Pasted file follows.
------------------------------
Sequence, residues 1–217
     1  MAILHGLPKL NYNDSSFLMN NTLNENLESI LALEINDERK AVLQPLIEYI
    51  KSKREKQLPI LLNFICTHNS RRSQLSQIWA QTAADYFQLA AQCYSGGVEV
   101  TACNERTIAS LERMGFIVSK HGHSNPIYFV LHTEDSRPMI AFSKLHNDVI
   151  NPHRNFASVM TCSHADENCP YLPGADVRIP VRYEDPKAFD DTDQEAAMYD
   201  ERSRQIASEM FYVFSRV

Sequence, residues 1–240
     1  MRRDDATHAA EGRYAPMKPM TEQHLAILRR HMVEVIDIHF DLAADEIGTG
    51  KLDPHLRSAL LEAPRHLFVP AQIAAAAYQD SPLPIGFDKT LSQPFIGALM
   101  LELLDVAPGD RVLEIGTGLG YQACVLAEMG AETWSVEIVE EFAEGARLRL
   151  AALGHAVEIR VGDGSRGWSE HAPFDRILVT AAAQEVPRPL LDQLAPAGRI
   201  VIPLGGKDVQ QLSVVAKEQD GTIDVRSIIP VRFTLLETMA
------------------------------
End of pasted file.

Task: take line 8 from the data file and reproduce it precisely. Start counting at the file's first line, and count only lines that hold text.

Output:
     1  MRRDDATHAA EGRYAPMKPM TEQHLAILRR HMVEVIDIHF DLAADEIGTG